Author: Scott Bradlee
Publisher: Hachette Books
Published: June 12, 2018
Number of Pages: 273
Scott Bradlee’s Postmodern Jukebox (PMJ) started out as a YouTube channel recording vintage covers of pop hits in a small basement apartment in Queens. Within a few short years, the group has transformed into a rotating cast of dozens of talented singers, dancers, and musicians. Now based in L.A., PMJ regularly sends multiple groups on simultaneous tours around the world. They have released more than 15 albums and hundreds of YouTube videos.
In his memoir, Scott Bradlee traces his journey from jazz piano-obsessed teenager to struggling artist and beyond. As a PMJ fan, I found it really fun to learn about the genesis of the group as well as how some of its best-loved members came aboard. (Tambourine Guy, this means you.) Scott also includes valuable insights he picked up as a musician, YouTuber, promoter, producer, and people manager.
NOTE: I’ve been a fan of PMJ for a couple years now. I first discovered the group sometime in 2015 when I stumbled across their “Grease”-style cover of Taylor Swift’s “Style” featuring Annie Goodchild and Von Smith. I was blown away by how a song I knew very well could suddenly sound so different yet familiar. As it turned out, there was a whole lot more where that came from.
SIDE NOTE: Someday I hope to attend a live show. Unfortunately, Fate has been very cruel so far. When I was living in Green Bay, they had a show in Vegas. When I was living near Redding, CA, they played in Green Bay. Now that I’m living near Vegas, I find out they’re playing in Redding, CA! I have not yet despaired, though. I repeat—someday I will see them live.
SIDE-SIDE NOTE: I received a NetGalley edition of this book in exchange for an honest review.
Author: Therese Anne Fowler
Genre: Historical Fiction; Biographical Fiction
Publisher: St. Martin’s Press
Published: March 26, 2013
Number of Pages: 375
Zelda Sayre, a daring and vivacious debutante of WWI era Montgomery, Alabama, likes to stand out. She enjoys dancing, smoking cigarettes, and spending time with boys—much to the chagrin of her State Supreme Court justice father. When a group of American soldiers stays in Montgomery while awaiting deployment, Zelda first meets a young aspiring writer named Scott. Zelda is taken by Scott in a way she hasn’t been by any other man. After months of on-again, off-again courting, Scott’s first book is sold to a publisher and Zelda finally agrees to marry him. So begins the absolute whirlwind life of Zelda Fitzgerald.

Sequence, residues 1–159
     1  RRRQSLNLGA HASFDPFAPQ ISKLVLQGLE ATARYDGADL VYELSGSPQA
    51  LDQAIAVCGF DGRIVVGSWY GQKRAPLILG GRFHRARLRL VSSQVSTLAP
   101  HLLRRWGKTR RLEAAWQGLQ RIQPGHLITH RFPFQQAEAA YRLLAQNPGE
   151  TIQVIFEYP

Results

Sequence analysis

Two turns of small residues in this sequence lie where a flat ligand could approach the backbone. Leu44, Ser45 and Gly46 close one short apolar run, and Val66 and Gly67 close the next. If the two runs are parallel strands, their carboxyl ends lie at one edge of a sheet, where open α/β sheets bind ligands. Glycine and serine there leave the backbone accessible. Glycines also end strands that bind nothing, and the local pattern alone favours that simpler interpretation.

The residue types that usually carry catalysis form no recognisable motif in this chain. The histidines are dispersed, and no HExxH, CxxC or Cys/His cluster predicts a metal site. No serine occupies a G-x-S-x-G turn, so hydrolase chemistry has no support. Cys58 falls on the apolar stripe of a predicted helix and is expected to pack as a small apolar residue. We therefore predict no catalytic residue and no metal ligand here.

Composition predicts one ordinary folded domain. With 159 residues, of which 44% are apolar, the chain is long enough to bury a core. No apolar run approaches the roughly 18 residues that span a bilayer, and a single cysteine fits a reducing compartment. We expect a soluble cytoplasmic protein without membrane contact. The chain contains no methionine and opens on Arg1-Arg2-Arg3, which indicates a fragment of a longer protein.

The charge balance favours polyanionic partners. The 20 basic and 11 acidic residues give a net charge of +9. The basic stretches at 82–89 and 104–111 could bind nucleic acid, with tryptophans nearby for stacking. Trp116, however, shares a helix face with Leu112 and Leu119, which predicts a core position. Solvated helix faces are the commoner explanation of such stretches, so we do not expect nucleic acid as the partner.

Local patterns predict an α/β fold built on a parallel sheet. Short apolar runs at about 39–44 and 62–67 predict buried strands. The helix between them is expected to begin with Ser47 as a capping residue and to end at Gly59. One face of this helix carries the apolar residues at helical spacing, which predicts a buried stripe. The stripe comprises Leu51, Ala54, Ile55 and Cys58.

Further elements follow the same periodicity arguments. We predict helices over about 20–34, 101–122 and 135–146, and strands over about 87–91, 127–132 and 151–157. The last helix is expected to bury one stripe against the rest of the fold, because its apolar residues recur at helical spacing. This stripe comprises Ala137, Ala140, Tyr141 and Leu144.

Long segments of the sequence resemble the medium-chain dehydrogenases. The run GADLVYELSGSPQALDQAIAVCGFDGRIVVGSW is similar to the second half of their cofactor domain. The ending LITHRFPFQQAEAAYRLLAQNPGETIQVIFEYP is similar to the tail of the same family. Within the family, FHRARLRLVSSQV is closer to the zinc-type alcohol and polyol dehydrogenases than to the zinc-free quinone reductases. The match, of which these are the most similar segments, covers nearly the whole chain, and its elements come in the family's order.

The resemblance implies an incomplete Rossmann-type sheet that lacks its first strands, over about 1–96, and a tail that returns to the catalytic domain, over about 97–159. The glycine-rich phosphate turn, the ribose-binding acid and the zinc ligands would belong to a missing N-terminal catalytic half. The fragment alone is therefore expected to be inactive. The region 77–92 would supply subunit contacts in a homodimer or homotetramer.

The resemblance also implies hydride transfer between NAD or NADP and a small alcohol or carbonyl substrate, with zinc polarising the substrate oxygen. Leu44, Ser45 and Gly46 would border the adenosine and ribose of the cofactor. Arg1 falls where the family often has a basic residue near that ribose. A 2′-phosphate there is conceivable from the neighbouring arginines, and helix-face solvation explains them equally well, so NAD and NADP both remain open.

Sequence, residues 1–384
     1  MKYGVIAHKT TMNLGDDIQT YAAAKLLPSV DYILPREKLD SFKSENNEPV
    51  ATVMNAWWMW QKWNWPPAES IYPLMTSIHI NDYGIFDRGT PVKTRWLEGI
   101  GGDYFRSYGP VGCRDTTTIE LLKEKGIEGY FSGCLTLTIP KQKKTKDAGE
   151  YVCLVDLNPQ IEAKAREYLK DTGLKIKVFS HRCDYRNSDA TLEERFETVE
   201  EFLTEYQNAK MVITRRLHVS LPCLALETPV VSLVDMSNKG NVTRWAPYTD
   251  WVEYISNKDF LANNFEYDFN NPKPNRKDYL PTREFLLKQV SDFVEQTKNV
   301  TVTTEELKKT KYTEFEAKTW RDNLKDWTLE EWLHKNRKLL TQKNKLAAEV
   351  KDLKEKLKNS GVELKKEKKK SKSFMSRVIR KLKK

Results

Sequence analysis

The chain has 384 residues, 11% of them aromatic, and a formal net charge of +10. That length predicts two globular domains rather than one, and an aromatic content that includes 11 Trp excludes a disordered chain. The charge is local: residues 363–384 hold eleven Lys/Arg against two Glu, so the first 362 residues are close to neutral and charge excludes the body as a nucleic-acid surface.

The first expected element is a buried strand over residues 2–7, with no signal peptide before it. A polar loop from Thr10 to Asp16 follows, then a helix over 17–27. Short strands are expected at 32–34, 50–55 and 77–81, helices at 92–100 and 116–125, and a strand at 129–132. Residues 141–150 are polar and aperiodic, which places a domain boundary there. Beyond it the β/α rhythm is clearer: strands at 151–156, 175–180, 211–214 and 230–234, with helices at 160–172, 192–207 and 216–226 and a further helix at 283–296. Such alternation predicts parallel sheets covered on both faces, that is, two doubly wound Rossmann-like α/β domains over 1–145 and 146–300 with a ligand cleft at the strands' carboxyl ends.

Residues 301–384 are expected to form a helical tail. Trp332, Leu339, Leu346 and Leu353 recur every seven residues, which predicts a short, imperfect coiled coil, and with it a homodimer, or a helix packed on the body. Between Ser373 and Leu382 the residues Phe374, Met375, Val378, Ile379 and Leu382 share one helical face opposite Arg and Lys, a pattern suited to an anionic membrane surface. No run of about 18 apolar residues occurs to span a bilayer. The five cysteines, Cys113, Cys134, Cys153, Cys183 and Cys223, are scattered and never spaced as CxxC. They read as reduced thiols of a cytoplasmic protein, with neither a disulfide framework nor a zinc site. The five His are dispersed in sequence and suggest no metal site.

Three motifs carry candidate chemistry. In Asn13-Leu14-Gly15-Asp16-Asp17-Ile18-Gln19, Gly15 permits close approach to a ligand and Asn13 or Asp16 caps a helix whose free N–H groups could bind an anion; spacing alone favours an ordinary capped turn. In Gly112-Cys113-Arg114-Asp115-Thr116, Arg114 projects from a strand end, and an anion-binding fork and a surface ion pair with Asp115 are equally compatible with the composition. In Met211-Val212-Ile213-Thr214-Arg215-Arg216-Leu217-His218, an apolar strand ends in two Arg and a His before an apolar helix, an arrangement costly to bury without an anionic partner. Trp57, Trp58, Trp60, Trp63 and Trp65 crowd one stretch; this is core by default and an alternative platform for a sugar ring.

The book is a fictionalized first-person narrative of Zelda’s life from her days as a teenage southern belle to the iconic 20s flapper to the mental-health struggles that followed.
NOTE: Before reading this book, what little I knew about Zelda was mostly from reading A Moveable Feast by Ernest Hemingway. Ernest did not paint a very pretty picture of the woman, so I came into the book a little prejudiced against her. About halfway through the book, though, I had officially changed sides. #TeamZelda
The Ties That Bind
So, what could the lives of Scott Bradlee and Zelda Fitzgerald possibly have in common? For one thing, they both surrounded themselves with talented creative people.
In Outside the Jukebox, Scott Bradlee describes how several of his collaborators came to be part of Postmodern Jukebox. A few, like bassist Adam Kubota, he met during his years at The Hartt School. Tim Kubart (Tambourine Guy) sang and played guitar while Scott accompanied on piano every week for a bunch of babies at a pre-preschool. Vocalists Cristina Gatti and Ashley Stroud, along with a bunch of other people, came in through Scott’s “day job” as music director at Sleep No More. (I’ve never had any inclination to go to New York City, but after reading Scott’s description off this show, I’d go in a heartbeat!) Once PMJ made its way out west to L.A. they acquired several new talents, including singer Aubrey Logan and tap dancer Sarah Reich, thanks to the recommendation of Broadway legend Shoshana Bean. As Scott says, “Shoshana knows best.”
In Z, Scott Fitzgerald “befriended every actor, artist, writer, and bootlegger” he and Zelda came in contact with, which led to many lively friendships and a few collaborations. The Fitzgeralds later made their way to Paris where they fell into a community of creative types from writers like Gertrude Stein, Ezra Pound, and Ernest Hemingway to artists like Pablo Picasso and Romaine Brooks. Dancers like Olga Khokhlova and journalists like Djuna Barnes joined the fray as well. Zelda found herself surrounded on all sides by talented, creative people.
Furthermore, Scott and Zelda themselves both possess talents in their own right—talents plural. Scott first found his footing as a jazz pianist, but eventually expanded his range to include music director, producer, YouTuber, people manager, and promoter—there is definitely an art to attracting Reddit hits. Zelda could paint, dance, and write. In fact, she published a few short stories under her husband’s name. (They made more money if people thought Scott wrote them.) In the novel, Zelda’s friend Natalie Barney asks, “Are you a dancer? Are you a writer? Are you a painter, a mother, a wife?” To which Zelda replies, “Yes.”
Whether artistic success be measured in dollars, paintings, or YouTube hits, both Scott Bradlee and Zelda Fitzgerald are all about that chase.
The Scarlet Letter by Nathaniel Hawthorne, The Handmaid’s Tale by Margret Atwood, and Bleak House by Charles Dickens